Higher risk can lead to more profit – or big losses. To cushion against the latter, financial firms must set aside capital, especially shareholder equity, or common stock.
Regulators closely watch a firm’s “Tier 1” capital ratio, a percentage of stockholder equity and other stock against total assets, after risk adjustments. Regulators require a well-capitalized holding company to hold at least 6 percent Tier 1 capital, but very large firms or rapidly growing firms are expected to have significantly more.
Geithner made his views on the subject clear at a risk management forum in January 2005. He said the biggest firms needed “exceptionally strong” capital cushions and risk management systems because of their influential role in the financial system.
Citigroup’s ratio exceeded 8.5 percent between 2003 and 2006, filings show. Although the company had a Tier 1 target of 7.5 percent, a top executive told securities analysts in 2004 it was “substantially more than what our risk analysis says we need.”
As Geithner noted in his speech, the economy was “broadly positive” in 2005. But as Citigroup looked to grow, the Federal Reserve gave mixed signals.
In Washington, Citigroup was asking the Fed Board of Governors to let it buy First American Bank in Texas. The board assessed Citigroup’s risk management in conjunction with the New York Fed and OK’d the deal in March 2005, concluding that controls were sound.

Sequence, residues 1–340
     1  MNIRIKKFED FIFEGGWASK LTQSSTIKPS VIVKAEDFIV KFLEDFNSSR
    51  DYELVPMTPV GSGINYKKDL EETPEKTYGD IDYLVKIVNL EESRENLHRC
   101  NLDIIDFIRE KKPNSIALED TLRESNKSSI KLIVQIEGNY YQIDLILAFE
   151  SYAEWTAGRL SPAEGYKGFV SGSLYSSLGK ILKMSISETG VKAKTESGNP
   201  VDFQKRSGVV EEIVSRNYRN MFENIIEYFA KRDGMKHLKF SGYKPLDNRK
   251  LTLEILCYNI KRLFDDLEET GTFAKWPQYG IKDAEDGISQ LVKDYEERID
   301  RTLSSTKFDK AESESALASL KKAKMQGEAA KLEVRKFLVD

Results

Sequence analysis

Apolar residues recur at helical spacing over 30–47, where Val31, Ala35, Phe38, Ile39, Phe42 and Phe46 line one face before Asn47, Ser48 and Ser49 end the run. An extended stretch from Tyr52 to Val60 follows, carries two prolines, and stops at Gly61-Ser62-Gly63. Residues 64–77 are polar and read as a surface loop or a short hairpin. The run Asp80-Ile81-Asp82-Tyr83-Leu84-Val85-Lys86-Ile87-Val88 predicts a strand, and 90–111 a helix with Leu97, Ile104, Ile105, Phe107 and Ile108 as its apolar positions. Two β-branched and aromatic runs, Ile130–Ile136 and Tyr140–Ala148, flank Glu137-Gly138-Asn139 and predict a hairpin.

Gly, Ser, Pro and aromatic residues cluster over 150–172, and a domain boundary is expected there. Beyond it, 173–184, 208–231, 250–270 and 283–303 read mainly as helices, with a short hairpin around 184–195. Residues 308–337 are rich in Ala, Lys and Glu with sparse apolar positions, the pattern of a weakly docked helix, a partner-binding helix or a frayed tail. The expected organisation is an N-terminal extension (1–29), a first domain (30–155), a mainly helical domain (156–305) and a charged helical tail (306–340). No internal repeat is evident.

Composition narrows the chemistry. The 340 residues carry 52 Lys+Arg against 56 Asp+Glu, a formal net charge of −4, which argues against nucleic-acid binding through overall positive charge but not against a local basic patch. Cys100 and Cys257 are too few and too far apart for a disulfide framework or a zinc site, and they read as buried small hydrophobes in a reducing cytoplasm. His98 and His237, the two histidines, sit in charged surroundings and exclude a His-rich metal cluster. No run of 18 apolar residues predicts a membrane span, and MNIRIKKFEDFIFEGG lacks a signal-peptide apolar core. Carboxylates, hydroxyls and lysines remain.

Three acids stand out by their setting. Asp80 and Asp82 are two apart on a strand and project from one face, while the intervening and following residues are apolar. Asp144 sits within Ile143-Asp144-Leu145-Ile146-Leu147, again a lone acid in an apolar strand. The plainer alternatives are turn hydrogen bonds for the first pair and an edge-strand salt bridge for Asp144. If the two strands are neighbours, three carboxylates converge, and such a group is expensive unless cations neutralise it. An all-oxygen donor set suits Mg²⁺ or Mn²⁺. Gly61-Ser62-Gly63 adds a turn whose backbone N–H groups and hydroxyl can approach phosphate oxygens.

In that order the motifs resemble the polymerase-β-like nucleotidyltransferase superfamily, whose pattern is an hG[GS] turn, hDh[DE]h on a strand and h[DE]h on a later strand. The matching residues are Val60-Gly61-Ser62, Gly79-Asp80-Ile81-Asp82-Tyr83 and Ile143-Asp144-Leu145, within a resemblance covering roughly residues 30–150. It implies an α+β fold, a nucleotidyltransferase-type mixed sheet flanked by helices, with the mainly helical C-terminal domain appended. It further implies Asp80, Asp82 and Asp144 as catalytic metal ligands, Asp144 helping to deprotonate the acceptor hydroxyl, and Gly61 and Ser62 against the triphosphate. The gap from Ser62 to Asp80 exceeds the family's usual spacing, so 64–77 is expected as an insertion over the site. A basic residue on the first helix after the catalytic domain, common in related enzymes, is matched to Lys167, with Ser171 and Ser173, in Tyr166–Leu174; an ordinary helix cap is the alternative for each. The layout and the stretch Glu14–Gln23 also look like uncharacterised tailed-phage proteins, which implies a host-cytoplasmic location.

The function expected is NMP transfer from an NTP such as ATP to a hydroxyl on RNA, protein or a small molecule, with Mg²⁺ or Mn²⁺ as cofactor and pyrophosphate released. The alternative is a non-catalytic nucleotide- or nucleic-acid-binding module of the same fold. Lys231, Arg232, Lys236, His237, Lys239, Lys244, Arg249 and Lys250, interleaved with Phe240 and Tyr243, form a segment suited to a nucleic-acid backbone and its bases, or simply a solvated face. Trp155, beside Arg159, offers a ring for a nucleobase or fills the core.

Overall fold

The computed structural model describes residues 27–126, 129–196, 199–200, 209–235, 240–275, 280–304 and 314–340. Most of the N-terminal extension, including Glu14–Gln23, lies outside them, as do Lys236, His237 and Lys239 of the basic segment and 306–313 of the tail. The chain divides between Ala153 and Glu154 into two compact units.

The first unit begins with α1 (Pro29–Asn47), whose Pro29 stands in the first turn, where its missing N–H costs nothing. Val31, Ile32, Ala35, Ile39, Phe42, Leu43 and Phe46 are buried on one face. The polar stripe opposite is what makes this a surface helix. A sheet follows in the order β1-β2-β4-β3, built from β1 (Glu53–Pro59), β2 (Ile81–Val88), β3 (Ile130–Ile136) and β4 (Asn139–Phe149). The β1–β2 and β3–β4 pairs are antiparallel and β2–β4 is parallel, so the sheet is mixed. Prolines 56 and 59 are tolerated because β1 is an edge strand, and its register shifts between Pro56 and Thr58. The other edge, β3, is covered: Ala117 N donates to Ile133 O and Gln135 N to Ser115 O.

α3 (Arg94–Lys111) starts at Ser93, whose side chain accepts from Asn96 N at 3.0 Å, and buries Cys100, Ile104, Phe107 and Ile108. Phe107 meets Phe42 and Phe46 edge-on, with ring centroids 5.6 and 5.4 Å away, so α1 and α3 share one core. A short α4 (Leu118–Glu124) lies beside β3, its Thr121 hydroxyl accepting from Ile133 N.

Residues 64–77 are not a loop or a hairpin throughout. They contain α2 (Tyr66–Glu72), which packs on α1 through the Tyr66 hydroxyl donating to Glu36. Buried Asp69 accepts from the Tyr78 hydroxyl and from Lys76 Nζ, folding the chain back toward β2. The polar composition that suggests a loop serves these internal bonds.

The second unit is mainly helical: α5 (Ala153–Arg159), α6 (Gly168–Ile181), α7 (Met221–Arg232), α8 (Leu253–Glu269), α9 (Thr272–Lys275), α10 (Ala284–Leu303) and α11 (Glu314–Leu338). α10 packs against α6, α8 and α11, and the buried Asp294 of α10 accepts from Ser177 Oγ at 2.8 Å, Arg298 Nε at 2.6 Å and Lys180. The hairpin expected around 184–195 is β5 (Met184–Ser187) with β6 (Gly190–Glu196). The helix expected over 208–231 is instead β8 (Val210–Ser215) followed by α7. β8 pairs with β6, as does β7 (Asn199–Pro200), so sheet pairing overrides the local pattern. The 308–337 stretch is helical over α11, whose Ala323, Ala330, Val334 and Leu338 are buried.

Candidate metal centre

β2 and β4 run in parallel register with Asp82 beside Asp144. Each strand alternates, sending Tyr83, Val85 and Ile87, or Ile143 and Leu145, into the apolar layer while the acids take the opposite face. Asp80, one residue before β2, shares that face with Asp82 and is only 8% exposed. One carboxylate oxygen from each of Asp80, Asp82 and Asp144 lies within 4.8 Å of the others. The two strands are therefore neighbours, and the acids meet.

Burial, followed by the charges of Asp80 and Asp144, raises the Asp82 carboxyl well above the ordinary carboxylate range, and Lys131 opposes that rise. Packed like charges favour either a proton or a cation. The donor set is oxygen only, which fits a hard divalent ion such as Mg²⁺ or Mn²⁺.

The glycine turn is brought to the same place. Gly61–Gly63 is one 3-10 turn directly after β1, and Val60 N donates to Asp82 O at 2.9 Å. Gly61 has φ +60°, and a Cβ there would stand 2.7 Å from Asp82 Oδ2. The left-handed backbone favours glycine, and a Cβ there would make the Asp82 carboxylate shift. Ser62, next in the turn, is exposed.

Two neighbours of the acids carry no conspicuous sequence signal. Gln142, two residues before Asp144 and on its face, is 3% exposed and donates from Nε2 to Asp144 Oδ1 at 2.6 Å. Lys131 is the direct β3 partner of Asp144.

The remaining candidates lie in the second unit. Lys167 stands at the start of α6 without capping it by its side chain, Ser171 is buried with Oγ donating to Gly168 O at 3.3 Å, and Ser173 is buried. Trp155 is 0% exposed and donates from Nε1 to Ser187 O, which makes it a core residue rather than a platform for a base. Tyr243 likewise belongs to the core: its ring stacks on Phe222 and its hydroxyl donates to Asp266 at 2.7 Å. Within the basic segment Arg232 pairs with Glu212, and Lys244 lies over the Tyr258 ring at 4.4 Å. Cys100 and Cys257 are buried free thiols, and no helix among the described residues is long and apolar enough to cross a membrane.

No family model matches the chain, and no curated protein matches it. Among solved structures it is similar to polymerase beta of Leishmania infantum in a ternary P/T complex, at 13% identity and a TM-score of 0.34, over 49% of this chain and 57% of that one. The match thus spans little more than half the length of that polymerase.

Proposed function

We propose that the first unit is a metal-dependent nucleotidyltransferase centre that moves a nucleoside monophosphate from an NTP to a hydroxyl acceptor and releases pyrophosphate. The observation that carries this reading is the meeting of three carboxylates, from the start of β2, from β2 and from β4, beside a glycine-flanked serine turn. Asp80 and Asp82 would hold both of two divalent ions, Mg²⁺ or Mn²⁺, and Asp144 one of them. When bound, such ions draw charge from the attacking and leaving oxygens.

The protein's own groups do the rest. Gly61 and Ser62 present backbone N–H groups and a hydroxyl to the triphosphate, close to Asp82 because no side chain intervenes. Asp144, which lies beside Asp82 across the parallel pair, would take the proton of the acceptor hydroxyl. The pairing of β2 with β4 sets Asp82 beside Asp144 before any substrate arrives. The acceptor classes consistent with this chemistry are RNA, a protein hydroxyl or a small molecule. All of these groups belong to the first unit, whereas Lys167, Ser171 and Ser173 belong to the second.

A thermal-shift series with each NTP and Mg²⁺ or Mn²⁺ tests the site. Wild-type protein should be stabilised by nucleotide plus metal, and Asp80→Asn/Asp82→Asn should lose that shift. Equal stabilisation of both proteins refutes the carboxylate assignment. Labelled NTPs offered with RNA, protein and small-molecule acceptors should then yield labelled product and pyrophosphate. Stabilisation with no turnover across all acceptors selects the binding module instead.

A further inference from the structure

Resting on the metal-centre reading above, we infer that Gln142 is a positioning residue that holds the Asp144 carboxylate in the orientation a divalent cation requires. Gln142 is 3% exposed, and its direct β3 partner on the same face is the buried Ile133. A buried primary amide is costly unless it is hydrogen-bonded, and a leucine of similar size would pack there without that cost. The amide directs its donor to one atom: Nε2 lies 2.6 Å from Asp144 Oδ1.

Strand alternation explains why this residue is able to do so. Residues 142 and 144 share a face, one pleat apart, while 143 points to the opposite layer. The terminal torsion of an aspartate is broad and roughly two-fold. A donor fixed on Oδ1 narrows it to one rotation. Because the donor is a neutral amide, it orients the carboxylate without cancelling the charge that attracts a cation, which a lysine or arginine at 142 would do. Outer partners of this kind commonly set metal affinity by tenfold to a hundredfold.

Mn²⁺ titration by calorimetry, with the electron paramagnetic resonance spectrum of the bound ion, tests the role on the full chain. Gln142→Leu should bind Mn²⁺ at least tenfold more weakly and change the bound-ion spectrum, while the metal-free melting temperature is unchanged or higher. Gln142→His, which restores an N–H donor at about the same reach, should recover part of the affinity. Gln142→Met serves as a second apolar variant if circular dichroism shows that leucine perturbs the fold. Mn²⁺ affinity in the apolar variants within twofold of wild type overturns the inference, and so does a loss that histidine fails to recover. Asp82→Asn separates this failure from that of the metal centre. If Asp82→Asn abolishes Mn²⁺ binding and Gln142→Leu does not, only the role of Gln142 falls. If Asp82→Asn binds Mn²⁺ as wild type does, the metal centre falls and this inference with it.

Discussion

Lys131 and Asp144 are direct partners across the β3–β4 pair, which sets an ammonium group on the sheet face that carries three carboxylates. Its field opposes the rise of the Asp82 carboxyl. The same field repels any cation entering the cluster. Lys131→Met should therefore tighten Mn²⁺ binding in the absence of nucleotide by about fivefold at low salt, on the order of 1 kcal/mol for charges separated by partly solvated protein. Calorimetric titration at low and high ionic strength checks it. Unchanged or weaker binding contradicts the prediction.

Taking note of the firm’s problems abroad, however, the governors also put a hold on any “significant expansion” until Citigroup could enact a new risk and compliance plan it had developed to address the previous problems.
Citigroup was back in good graces a year later. After the head of bank supervision for the NY Fed wrote Citigroup indicating the company had made “significant progress” in managing risk, the pause on acquisitions was lifted in April 2006.
Then, the Friday before the Christmas weekend, the Fed announced that it had terminated the 2003 enforcement agreement and its requirement to file quarterly risk management reports. No explanation was offered.